The recent decision of All India Council for Technical Education (AICTE) to shut down 800 engineering institutions across the country considering their poor admission rates has had its own set of critics and advocates. But experts and academics say shutting down these campuses may not be the right solution as it would render the infrastructure of the colleges idle.
Is there an alternative? Starting professional courses in other disciplines, running online programmes and vocational courses and merging institutions are options that educational institutions and experts suggest. The AICTE is also studying the legalities behind such options, after a few institutions approached it to reconsider its decision.
Educationalists say closing down institutions is not the way out. “Some colleges in the Erode belt have started paramedical courses after they discontinued engineering courses. Another women’s college in the region is planning to set up a medical college,” says educationist Moorthy Selvakumaran. “As educational institutions are run by a trust, the building can only be used for non-profit or service-oriented purposes, say an educational institution or a hospital. In such a situation, starting another educational institution would be a viable option as it will involve less investment,” he adds.
Some educational institutions have requested the AICTE to allow a merger of such colleges with institutions nearby. “The National Education Policy 1986 promotes merging of institutions based in a particular area. This means the colleges that tie-up can share each other’s laboratories and qualified faculty,” says S Vaidhyasubramaniam, the dean of planning and development, Sastra University. “AICTE will have to formulate regulations to monitor the merged institutions. Otherwise ensuring quality will remain a challenge,” he adds.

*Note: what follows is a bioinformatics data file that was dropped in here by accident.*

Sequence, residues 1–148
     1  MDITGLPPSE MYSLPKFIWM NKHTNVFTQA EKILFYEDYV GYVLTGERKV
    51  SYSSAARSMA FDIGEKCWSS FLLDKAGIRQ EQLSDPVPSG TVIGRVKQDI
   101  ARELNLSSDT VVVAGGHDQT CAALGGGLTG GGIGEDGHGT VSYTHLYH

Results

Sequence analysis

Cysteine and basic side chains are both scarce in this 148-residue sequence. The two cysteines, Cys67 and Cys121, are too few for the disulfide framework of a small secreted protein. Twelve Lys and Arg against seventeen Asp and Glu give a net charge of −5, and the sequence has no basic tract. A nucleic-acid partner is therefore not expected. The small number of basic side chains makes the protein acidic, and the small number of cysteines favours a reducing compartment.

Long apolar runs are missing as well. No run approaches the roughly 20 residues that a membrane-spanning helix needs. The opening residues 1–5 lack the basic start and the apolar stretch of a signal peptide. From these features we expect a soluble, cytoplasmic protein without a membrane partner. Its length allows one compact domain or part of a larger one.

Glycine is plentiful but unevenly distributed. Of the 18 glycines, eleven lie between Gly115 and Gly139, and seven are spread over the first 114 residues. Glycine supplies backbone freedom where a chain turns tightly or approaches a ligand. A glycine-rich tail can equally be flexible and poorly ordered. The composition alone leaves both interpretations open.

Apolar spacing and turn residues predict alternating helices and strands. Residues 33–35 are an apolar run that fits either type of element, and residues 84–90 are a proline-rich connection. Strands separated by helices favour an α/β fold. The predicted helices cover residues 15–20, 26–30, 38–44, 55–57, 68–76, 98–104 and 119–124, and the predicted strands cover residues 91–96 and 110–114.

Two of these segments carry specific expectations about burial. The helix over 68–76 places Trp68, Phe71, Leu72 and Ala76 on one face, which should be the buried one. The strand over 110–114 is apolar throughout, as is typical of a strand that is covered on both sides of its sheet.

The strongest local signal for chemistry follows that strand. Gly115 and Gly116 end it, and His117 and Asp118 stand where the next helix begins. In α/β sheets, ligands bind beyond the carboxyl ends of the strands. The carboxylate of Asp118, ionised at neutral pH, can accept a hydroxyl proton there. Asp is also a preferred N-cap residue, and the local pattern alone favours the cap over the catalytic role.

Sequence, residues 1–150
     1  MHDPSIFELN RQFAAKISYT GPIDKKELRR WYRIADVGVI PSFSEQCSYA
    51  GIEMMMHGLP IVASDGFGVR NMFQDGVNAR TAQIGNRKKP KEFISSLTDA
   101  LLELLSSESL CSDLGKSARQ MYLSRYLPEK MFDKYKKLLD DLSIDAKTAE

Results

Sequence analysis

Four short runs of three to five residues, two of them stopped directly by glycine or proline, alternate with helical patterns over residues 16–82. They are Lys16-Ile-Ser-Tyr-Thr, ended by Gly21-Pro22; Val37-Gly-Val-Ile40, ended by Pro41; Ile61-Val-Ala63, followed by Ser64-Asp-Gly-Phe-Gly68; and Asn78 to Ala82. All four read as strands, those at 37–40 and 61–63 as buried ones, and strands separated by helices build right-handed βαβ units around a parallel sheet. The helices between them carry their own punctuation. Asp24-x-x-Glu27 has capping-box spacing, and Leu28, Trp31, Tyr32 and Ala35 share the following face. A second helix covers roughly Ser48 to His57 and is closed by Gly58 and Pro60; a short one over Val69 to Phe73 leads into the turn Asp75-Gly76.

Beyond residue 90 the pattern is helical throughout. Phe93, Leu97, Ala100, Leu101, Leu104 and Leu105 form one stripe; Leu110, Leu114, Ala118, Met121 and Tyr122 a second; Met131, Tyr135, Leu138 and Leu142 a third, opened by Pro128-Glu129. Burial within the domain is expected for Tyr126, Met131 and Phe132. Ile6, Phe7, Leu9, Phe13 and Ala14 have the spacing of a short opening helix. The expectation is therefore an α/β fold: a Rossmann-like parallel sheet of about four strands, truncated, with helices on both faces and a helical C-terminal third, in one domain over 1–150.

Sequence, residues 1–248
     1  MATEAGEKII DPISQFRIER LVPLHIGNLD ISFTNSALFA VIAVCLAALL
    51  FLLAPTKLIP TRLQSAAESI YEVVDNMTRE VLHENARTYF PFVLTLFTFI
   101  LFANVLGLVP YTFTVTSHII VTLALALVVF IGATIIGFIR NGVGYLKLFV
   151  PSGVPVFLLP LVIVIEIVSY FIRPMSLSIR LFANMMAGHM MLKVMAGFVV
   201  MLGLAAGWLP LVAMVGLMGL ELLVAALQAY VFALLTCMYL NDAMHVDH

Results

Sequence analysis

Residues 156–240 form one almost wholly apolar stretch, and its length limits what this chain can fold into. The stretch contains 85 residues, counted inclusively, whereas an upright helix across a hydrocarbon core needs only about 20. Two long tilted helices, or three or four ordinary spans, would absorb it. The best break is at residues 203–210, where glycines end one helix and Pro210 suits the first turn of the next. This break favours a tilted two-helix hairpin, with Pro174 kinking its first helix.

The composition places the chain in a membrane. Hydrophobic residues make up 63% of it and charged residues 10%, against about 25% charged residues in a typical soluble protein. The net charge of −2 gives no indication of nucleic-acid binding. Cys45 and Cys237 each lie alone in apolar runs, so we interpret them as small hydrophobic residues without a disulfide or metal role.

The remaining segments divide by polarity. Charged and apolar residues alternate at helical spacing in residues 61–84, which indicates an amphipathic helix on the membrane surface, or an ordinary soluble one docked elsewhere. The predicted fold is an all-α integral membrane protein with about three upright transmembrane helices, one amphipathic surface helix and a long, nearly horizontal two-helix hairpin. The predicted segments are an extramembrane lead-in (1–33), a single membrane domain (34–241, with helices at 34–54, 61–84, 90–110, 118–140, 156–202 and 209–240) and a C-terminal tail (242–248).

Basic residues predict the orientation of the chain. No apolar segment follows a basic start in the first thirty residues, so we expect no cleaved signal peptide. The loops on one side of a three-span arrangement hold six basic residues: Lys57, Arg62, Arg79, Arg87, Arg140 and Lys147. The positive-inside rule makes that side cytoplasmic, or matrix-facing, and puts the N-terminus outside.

Vaidhyasubramaniam says that AICTE can also utilize these campuses spaces for online courses. “Online degrees are the next big thing in higher education. While theoretical education can be imparted through online classrooms, practical sessions can be conducted at these colleges,” he says.
However, the merging of two campuses and imparting online education depends on the reputation of these colleges, says former vice-chancellor of Anna University M Anandakrishnan. “It is important to assess the reputation of the to-be-closed colleges before considering merging them. There will be locational difficulties. I don’t think merging two colleges can address the dropping number of engineering graduates every year,”Anandakrishnan adds.
He feels AICTE could instead use these campuses to run vocational courses. “The largest problem among engineering graduates today is the lack of skill sets. These colleges can run vocational courses in specific areas. The degree or diploma programme can aim at bridging the skill gap.”
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